Jennifer Lewin has long been in the non-profit world. From her time helping get J-HAP off the ground to her work now with Paul’s Pals and transitioning it from a fund at the Jewish Community Foundation at the Minneapolis Jewish Federation to a thriving, stand-alone non-profit. Ahead of their big event this week with grantees getting to shop for free toys from Toys R Us (as well as hosting a Food For Your Soul party), Who The Folk is Jennifer Lewin?
Are you from the Twin Cities?
Yes. I grew up here, left and came back. I went to college in Washington, D.C. So I spent some time out there and ended up moving back here.
How long have you been involved with Paul’s Pals?
Yup, I’m coming up on my second year as executive director. So it will be two years in July.
Were you with the company before that?
No, not with Paul’s Pals. I was with a different organization.
What made you want to join Paul’s Pals?
So my whole career I’ve been in the disability field. I started out as a special education teacher. I worked for other non-profits. Most recently I was executive director of Jewish Housing and Programming, also called J-HAP. Then, I transitioned out of that project just because my background is in disabilities but also in non-profit management. So with the Cornerstone Creek project, I helped the organization get off the ground, formulate their ideas into a mission and a vision and reality. I did the project from conception to funding but I always knew that I was never going to be the property manager or the person who ran the building once the building was up. That’s just not my skill set. I was looking for other opportunities and I heard about what at that time was called the Paul Adelman Fund which was a family fund at Minneapolis Jewish Community Fund through Federation. They were looking to take the fund and grow it to make a larger impact. Their goal was to take a philanthropic fund and make it, their own, independent non-profit organization. So with my skill set, it was a perfect fit for me.
Yeah, so what I like to tell people is that it’s a 20-year startup. The fund was started in 1995 in memory of Paul Adelman. He was a young man. The fund was started by his parents and unfortunately Paul had complications due to some brain tumors. When he passed away, some friends of the family wanted to raise money and start a fund and do projects in Paul’s memory.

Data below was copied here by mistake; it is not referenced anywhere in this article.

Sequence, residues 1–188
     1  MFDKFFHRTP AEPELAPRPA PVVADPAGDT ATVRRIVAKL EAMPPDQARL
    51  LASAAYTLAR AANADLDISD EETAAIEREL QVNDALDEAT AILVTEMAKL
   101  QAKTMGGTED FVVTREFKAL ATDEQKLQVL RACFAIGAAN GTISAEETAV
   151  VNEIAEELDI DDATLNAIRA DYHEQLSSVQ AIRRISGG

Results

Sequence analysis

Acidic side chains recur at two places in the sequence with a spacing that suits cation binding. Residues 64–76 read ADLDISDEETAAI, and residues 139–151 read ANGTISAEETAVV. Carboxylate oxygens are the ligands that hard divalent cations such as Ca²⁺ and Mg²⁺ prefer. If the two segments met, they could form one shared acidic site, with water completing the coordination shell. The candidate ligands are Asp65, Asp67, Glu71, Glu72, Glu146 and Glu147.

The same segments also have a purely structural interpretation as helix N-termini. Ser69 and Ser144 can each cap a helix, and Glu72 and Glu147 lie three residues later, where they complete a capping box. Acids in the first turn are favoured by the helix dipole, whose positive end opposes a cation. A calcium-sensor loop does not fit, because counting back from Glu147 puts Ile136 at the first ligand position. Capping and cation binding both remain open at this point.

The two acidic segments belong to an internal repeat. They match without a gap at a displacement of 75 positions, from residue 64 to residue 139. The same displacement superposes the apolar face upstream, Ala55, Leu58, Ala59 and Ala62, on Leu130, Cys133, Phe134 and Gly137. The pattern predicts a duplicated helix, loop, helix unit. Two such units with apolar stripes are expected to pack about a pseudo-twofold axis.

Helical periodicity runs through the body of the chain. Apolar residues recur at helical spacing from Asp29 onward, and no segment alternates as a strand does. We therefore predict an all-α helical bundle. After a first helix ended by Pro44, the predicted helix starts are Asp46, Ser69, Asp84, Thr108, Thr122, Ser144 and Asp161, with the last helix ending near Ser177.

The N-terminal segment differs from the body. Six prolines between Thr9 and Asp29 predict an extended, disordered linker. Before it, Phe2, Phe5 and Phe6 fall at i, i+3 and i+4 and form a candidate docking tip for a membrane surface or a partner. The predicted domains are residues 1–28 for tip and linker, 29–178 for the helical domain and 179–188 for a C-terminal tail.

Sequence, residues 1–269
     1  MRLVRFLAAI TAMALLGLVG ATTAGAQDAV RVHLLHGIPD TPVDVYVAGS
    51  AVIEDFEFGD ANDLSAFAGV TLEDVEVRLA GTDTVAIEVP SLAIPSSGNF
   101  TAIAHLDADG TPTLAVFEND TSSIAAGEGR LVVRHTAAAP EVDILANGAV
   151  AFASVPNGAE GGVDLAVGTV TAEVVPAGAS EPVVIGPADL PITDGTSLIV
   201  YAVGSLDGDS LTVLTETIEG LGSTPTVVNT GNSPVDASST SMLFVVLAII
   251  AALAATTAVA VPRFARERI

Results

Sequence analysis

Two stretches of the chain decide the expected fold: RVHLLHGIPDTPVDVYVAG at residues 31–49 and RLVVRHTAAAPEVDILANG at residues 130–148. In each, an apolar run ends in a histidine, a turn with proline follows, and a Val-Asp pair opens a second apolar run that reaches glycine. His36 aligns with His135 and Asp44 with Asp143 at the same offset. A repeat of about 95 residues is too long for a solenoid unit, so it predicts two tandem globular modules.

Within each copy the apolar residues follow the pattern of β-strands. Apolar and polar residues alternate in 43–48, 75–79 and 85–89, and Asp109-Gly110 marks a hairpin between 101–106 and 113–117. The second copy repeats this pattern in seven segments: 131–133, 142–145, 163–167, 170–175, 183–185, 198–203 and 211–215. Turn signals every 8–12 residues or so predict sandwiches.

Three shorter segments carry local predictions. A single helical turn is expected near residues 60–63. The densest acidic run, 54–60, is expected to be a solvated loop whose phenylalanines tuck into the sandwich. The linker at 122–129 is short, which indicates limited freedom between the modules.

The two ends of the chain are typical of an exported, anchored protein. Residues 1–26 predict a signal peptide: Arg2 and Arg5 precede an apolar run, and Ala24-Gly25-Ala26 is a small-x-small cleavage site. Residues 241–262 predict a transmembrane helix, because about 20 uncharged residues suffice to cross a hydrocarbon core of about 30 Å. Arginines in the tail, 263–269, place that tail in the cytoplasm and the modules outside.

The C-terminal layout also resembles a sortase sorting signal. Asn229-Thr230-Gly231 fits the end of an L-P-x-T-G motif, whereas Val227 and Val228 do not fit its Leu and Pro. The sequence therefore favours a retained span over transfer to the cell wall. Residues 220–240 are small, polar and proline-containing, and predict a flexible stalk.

So through your two-year journey, what have been some of the challenges?
So, there are always challenges and I would say some of them have been incredibly minor. We needed to pick a database management system. I mean it’s not a huge challenge. We just needed to decide what we wanted. But it’s been great because now we have our own internalized system for keeping track of our donors and our connections and our relationships throughout the community.
Paul’s Pals works to fund capital projects. What have been ones that have stood out to you?
Some of the phenomenal projects the organization has done were well before my time. One of the ones was a park that was the first full inclusive, accessible playground in Minneapolis parks systems. Another one we did was with Ronald McDonald House. This one is always baffling to us. The grant for it was before my time. They came to us for two projects. One was to make their doors into their building handicap accessible because they weren’t. And then to completely redesign their courtyard so it was accessible and user-friendly and able to be used by kids with more mobility issues.
So tell me more about this pop-up shop happening this week.
I have a whole carload of toys right now. So we have a partnership with the Toys R’ Us in Maple Grove. And what happens is, is they may get end-of-season items or overstock, or they may get items they only have a few left of so they have to pull it off the shelves. It could be toys, clothes, sporting equipment, video games. Anything you could find in a Toys R Us store they end up giving us a call and saying “Hey, we have a carload for you.” So we have twice a year, what we call our Pop-Up Toy Shop. We invite all of our grantees over the past 20 years to come to our shop and they get to shop for free. They can take anything and everything they may want and then take back to their organizations and use however they want with their kids and families.
Favorite Jewish holiday?
This is going to sound weird so I need to qualify it. I love Passover because I host the Seder every year and that’s the one time in the year when my whole family comes together. We do a little skit along with our Seder and I cook all the food. It’s just a really fun family time for us. When my husband and I were looking for a house, our goal was a four-bedroom house and a Seder for 40. Because I have a large family.
Favorite Jewish food?
I really love chocolate covered halvah.Click here to nominate your favorite TC Jew to be featured on our weekly Who the Folk?! series!